The potential Republican presidential candidates who may challenge pro-abortion President Barack Obama are not shy about making the rounds on the 2010 campaign trail.
The election cycle has seen political action committees sponsored by such potential candidates as Mitt Romney, Sarah Palin and Tim Pawlenty dish out endorsements and big bucks for candidates ranging from Congress to the state legislature.
The potential presidential hopefuls are employing a standard practice of developing a cadre of support and potential endorsements in key primary and caucus states that could help them as they seek the GOP nomination to take on Obama.
Romney, the former Massachusetts governor who campaigned as a pro-life candidate in 2008, is heading to Iowa and New Hampshire, the first caucus and primary state, to campaign for a range of candidates. He will also head to South Carolina, the site of the third big primary election contest.
Pawlenty, the pro-life Minnesota governor, pro-life former Sen. Rick Santorum and pro-life Mississippi Gov. Haley Barbour, who upset pro-life advocates with a call for a truce on abortion, are also making the rounds in Iowa this week.
Barbour will also stop in New Hampshire for GOP gubernatorial candidate John Stephen and Pawlenty will appear twice in Minnesota on behalf of Tom Emmer, the pro-life gubernatorial candidate.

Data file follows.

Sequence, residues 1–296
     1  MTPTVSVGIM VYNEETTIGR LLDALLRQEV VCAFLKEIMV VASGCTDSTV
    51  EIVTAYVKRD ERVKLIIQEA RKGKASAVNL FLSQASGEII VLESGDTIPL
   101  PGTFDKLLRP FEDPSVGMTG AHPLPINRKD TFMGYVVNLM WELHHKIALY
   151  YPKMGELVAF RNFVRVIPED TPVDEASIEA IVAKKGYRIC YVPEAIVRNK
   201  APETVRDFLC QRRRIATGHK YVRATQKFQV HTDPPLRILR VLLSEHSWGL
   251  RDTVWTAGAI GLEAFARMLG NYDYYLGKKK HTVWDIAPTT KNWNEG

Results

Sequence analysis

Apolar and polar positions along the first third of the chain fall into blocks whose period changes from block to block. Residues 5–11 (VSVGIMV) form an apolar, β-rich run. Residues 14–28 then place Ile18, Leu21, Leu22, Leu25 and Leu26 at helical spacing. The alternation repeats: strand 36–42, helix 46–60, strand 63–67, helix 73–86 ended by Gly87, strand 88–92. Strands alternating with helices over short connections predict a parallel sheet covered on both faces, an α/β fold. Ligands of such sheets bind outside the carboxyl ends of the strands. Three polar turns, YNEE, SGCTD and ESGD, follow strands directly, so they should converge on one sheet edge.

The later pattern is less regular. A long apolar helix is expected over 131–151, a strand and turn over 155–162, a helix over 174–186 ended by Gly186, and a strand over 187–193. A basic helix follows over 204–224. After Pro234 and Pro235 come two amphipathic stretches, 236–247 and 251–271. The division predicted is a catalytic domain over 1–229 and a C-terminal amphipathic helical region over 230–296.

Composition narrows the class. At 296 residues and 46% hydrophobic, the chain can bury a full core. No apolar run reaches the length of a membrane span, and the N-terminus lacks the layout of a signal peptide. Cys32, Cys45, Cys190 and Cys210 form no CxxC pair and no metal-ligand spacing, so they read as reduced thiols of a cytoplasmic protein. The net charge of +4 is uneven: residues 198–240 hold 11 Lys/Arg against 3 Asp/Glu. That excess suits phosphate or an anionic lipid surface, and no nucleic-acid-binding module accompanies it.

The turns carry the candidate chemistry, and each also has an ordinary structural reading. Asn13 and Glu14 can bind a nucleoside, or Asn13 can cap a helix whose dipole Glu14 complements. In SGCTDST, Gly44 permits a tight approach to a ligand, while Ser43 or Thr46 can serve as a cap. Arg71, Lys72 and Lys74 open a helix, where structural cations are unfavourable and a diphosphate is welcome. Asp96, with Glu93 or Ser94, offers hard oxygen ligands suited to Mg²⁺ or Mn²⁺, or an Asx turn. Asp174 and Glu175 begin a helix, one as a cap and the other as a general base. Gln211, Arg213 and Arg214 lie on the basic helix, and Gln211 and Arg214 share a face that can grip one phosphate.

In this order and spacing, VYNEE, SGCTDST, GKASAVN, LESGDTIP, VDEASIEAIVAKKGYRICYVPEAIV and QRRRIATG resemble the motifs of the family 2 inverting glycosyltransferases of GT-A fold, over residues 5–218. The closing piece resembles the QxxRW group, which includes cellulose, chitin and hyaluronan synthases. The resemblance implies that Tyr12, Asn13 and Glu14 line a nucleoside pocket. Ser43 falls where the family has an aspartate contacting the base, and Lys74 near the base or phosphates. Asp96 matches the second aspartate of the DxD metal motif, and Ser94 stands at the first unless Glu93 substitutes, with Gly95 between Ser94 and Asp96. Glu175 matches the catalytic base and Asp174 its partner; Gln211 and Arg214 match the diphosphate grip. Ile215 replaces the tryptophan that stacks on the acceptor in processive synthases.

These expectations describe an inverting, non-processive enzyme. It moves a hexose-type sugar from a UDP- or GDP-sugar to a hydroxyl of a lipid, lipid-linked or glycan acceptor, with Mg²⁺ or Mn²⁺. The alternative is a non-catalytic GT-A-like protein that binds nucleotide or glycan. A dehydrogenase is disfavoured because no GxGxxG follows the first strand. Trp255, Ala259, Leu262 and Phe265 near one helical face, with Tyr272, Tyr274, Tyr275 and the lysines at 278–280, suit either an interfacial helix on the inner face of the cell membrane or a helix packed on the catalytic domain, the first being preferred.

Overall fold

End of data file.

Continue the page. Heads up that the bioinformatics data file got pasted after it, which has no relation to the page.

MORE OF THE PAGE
Santorum is heading to South Carolina to help candidates as will pro-life former Arkansas Gov. Mike Huckabee, whose PAC has been active helping candidates, and pro-life former House Speaker Newt Gingrich.
Some other potential candidates have schedules that pale in comparison.
Sens. John Thune of South Dakota and Jim DeMint of South Carolina, both pro-life, and pro-life Rep. Mike Pence of Indiana all have schedules seeing them campaign for candidates in their home states but not in Iowa or New Hampshire, according to The Hill.
Gov. Mitch Daniels, another possible 2012 candidate who also advocated a truce, has no campaigning scheduled.
Palin is not doing as much campaigning right now, though she has helped selected candidates with appearances throughout the election cycle and her endorsements have made the difference in some key primary election campaigns such as Senate races in New Hampshire and Delaware.
Grover Norquist, a pro-life and anti-tax activist, told The Hill that candidates campaigning for others comes at a risk. If their candidates lose, their status as a political heavyweight is put under the microscope.
“If you can’t do that [win those races], it’s tough to make the case for a promotion,” he said. “I think most of the candidates are working fairly seriously at trying to help elect other people.”